Minnesota Nursing Home Lawyer

Minnesota Has a New Vulnerable Adult Justice Project

Minnesota Has a New Vulnerable Adult Justice Project
January 2nd, 2009 | Ken LaBore

Letter: Justice for older and vulnerable adults can’t wait
From The Republican Eagle
Published Thursday, January 01, 2009

In the past few weeks, allegations of nursing home residents’ abuse have surfaced in two Minnesota communities. As a result, some families and seniors have begun to question their trust in nursing home care.

The allegations as described in the complaints are appalling, yet they serve as a reminder about the responsibility we all must take in caring for our spouses, parents and grandparents.

Let’s be clear: even one incident of elder abuse in any setting is one incident too many.

But we also need to put the allegations in Albert Lea and Montevideo into a larger context. There are approximately 400 care centers in Minnesota, serving nearly 34,000 seniors a day. The vast majority of caregivers in these settings, as well as in home and community-based settings, provide excellent care; they do so out of a sense of mission and passion, not money.

As leaders of organizations that serve older and vulnerable adults, we are united and have combined efforts in support of larger reform for the prevention of elder abuse.

We have launched the Vulnerable Adult Justice Project. While our individual organizations often have different perspectives and may occasionally disagree on public policy, we have no disagreement when it comes to abuse. We share a common goal of increasing awareness of this issue and have strengthened our commitment to preventing elder abuse.

While there is much to be done under this broad umbrella, we have identified some key priorities for the coming months.

First, it is essential that the Legislature pass the Older and Vulnerable Adult Act reform bill.

For the past 15 months our organizations have worked through a vulnerable adult stakeholder group to craft the reforms contained in this legislation. The recent allegations highlight the need for the Legislature to act. This legislation will streamline the Vulnerable Adult Act reporting system, assure first responders have the tools to serve a growing and changing population and help to better protect vulnerable adults from financial exploitation.

In addition, as the Legislature considers funding priorities in this fiscal crisis, it will be critically important to assure that adequate resources are directed to law enforcement and state agencies that assure incidents of abuse do not occur.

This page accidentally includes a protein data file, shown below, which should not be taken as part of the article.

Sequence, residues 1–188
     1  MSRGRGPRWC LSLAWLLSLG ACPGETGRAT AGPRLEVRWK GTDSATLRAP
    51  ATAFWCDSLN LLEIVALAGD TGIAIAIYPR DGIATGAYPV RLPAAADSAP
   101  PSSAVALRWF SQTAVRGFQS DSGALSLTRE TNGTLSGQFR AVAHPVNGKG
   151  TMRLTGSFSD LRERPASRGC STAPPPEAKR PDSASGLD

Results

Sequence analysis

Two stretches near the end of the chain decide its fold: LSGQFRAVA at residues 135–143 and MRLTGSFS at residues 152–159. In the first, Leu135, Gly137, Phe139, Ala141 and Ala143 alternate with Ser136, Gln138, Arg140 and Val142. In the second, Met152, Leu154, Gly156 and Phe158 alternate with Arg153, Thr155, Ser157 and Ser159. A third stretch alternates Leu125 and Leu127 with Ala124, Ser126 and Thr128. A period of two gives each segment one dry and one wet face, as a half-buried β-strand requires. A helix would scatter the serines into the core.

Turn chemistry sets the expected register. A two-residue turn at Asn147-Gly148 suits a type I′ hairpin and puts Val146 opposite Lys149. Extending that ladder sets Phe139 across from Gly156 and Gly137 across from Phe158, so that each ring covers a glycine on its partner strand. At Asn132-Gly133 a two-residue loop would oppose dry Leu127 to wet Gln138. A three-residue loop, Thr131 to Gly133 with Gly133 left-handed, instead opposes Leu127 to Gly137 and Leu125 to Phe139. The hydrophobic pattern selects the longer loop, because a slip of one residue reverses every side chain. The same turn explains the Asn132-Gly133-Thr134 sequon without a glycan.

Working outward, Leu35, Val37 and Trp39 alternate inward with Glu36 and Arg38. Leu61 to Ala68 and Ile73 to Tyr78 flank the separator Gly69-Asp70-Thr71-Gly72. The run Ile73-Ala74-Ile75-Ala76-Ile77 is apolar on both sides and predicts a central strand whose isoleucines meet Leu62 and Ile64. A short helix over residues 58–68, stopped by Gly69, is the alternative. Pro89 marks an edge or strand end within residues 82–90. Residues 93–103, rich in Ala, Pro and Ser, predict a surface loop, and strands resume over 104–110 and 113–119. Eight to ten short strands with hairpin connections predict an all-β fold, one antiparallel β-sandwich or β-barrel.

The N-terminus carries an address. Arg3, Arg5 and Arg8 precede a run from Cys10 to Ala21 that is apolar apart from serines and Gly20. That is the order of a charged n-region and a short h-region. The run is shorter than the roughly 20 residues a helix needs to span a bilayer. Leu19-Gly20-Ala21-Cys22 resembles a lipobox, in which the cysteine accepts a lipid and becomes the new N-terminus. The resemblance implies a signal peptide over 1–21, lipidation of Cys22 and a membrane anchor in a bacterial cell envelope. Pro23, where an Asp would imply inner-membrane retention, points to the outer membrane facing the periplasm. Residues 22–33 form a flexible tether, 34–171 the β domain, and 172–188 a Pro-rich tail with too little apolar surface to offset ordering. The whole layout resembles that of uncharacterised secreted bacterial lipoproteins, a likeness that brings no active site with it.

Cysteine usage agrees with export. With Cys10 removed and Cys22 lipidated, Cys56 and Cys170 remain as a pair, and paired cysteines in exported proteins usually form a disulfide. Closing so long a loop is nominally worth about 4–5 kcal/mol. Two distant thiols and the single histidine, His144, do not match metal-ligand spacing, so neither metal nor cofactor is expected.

Second, these allegations highlight the need to improve training provided to paid caregivers on dementia care and on prevention and reporting procedures. In concert with this priority, we will continue to work with providers as they strive to report any suspected incidents of abuse.

Third, we will reach out to families, clergy, law enforcement, prosecutors and other key community members to raise awareness of the signs of elder abuse and how it should be reported and investigated.

Compassion requires us to protect the aging and vulnerable. While the Vulnerable Adult Justice Project has a diverse membership, we share one common goal: to protect those who cannot protect themselves. We urge others to join us in our campaign to end elder abuse at all levels and settings.

Deb Holtz, Minnesota Office of Ombudsman for Long-Term Care

Michele Kimball, AARP Minnesota

Gayle Kvenvold, Aging Services of Minnesota

Mary Birchard, Alzheimer’s Association of Minnesota and North Dakota

Patti Cullen, Care Providers of Minnesota

Mark Wandersee, ElderCare Rights Alliance

A. Kimberley Dayton, Elder Justice & Policy Center, William Mitchell College of Law

Neil Johnson, Minnesota HomeCare Association

For more information regarding the Vulnerable Adult Justice Project, please contact Mark Wandersee at: mwandersee@eldercarerights.org
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This website is not intended to provide legal advice as each situation is different and specific factual information must be obtained before an attorney is able to assess the legal questions relevant to your situation.
If you or a loved one has suffered an injury or abuse in a nursing home or other care facility that serves the elderly in Minnesota , please contact our firm for a free consultation and information regarding the obligations of the facility and your rights as a resident or concerned family member. To contact attorney Kenneth LaBore, directly please send an email to Klabore@MNnursinghomeneglect.com or call Ken at 612-743-9048.


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